Who Will Tell the Story? I Will

The Shoah had seemed like far-off history, until this Jewish teen took part in an intimate gathering known as Zikaron BaSalon

by Marina Cemaj

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We are forgetting.

This year marked the 70th anniversary of the end of the Holocaust, and we are forgetting. It’s a sad truth. And if we’re not forgetting, we are definitely losing touch.

Seventy years seems so far away. As teenagers living in the 21st century, the Shoah seems untouchable — something in our past that will never happen to us. As Jewish teens, we’ve grown up hearing the stories of survivors, but what will happen to Yom Hashoah when nobody is left to tell us of the terrors they saw and the horrible events that happened in not-so-long-ago Europe? Our kids will read about it from a history book. They might even see videos and go to museums, but their connection to the Holocaust will be far gone. Ours is already slipping away.

But we can’t let that happen. And as USYers, we won’t.

LAZikaronBaSalonWhen l was first approached about hosting a “Zikaron B’Salon” event in my San Diego home (part of USY’s Far West region)  I was both excited and a little worried. Originally started by young people in Israel, Zikaron BaSalon, which translates as “Memories in the Living Room,” is a program which invites Holocaust survivors into homes to tell their stories in a setting that takes away the formality of remembrance ceremonies, and replaces it with something much more personal and intimate.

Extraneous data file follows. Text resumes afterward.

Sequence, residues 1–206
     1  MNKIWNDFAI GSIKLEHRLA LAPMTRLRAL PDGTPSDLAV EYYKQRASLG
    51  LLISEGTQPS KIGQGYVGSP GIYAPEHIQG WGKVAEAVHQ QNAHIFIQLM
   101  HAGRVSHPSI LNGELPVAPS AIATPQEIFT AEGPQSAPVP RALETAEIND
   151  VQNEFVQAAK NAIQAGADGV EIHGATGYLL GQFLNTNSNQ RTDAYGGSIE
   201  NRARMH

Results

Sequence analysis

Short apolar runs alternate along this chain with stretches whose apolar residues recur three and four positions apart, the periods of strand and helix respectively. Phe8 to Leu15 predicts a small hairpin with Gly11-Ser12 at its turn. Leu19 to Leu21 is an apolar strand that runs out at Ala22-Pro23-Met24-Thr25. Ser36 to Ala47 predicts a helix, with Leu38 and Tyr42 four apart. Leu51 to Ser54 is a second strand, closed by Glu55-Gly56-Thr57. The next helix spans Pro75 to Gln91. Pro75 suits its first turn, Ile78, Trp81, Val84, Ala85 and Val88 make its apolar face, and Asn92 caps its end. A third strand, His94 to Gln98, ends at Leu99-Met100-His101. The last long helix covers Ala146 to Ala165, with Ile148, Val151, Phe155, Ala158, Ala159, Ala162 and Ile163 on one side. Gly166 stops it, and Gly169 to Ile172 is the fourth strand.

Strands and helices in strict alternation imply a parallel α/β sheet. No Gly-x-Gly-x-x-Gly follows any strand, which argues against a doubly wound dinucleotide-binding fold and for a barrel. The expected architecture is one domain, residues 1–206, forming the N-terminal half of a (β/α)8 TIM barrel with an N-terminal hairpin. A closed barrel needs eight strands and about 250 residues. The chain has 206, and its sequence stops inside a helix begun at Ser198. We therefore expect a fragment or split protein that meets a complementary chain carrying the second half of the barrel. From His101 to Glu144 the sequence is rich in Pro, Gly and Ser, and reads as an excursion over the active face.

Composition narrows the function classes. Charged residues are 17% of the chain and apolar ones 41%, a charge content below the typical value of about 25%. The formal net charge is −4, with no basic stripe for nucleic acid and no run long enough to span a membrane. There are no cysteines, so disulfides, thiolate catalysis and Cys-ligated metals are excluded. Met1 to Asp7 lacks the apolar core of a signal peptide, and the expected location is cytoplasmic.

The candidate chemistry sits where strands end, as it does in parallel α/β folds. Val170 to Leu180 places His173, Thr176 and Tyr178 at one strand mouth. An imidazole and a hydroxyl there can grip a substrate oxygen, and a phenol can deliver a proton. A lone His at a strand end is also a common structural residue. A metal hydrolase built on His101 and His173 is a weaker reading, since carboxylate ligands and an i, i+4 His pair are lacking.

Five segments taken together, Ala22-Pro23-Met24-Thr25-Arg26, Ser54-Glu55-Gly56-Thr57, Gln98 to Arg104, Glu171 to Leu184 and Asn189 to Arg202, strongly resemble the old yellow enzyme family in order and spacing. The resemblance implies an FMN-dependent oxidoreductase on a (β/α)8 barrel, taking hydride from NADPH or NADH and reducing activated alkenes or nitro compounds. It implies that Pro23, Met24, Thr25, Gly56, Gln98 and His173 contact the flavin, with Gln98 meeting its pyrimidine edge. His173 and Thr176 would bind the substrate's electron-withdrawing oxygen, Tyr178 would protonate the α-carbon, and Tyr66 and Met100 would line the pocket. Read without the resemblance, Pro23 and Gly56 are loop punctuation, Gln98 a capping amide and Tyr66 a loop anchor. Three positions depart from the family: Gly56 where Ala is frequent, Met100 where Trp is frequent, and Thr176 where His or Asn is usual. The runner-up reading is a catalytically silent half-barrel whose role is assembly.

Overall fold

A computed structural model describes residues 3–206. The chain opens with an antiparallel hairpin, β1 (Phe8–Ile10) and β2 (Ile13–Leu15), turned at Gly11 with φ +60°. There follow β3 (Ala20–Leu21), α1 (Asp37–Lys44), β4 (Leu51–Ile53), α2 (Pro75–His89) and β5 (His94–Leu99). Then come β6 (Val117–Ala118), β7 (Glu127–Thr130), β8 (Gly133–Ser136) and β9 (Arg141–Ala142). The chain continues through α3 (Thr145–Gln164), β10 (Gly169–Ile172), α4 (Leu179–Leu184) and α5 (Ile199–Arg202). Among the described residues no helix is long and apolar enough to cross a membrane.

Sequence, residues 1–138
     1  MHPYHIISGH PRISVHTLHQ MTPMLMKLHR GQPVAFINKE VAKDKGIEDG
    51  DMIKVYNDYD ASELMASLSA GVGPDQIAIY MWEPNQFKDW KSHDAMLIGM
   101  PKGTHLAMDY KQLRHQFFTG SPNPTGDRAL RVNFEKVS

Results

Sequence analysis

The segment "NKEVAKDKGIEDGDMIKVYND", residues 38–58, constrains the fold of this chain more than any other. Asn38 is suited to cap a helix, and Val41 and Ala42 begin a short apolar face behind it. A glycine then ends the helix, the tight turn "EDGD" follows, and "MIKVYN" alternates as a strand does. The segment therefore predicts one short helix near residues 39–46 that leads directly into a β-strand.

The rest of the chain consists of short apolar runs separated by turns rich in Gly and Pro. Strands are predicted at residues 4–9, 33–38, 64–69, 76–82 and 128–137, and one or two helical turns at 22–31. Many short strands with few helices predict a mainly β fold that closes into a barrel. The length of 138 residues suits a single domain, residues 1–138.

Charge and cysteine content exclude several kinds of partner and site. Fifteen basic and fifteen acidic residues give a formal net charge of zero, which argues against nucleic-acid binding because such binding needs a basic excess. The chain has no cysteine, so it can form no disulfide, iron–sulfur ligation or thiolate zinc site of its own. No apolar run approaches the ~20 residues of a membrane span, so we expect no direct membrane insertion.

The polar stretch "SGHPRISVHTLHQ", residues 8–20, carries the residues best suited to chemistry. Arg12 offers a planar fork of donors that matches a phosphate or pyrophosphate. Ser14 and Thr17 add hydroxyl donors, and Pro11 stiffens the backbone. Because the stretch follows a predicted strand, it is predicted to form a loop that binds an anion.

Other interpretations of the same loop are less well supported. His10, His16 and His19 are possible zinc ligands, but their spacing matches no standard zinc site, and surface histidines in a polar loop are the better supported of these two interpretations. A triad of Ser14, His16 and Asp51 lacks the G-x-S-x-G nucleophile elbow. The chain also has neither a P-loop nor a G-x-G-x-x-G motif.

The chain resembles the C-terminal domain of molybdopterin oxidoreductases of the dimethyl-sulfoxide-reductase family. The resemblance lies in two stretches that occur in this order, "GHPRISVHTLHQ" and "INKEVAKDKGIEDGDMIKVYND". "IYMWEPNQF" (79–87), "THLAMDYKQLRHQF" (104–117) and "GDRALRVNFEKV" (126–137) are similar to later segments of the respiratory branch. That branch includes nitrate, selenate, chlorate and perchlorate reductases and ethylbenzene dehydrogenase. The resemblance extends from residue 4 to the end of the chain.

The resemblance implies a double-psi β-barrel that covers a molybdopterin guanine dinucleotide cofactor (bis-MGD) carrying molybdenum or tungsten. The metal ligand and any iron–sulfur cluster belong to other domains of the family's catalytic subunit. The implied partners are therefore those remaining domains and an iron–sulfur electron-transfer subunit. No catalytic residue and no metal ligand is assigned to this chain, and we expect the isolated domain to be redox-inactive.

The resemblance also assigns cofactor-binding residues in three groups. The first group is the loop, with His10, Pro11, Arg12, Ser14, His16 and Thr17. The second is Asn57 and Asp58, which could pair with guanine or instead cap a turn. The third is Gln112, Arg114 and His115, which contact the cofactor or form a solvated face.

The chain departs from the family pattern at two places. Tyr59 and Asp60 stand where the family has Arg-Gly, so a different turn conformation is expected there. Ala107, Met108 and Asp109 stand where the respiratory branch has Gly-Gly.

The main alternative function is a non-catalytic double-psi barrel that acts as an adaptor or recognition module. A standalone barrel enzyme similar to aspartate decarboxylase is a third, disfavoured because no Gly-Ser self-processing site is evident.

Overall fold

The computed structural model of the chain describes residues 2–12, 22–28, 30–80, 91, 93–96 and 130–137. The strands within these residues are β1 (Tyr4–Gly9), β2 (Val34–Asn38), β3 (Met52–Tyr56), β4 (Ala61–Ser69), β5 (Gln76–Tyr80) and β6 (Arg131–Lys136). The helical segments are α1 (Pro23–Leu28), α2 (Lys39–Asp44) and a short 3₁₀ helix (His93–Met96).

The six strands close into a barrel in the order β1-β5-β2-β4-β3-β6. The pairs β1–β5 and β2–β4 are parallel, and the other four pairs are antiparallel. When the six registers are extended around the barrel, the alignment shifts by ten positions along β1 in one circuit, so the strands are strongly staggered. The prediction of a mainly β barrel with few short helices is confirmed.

It brings the Holocaust, a traumatic event not only in Jewish history, but world history, into an environment that’s comfortable and safe, letting people engage with its terrible realities in a whole new way. This year, USYers commemorated Yom HaShoah by hosting Zikaron B’Salon events across North America.

For my event, the first thing I had to find was a Holocaust survivor. With the help of a teacher I found a woman named Rose who agreed to come. However,  because there are so few survivors left in the world today, their time is in high demand. Rose accidentally double booked her speaking engagements and had to cancel a few days before the event.

So, there I was, two days before Yom Hashoah, panicked, making phone calls. I had to find someone because I couldn’t just let another year pass where I only remembered Yom Hashoah vaguely through a Facebook post. I had to connect to it more, and I had to get others to remember, to care. But I was determined. Finally Miklosh Wallenfels, 81, another local survivor, agreed to come speak.

On Wednesday, April 15 at 6 pm, a small group of people ranging from ages 14 – 87 gathered in my living room to listen to Miklosh’s story. He wasn’t standing up, it wasn’t a presentation. Hearing his story was just about starting a conversation.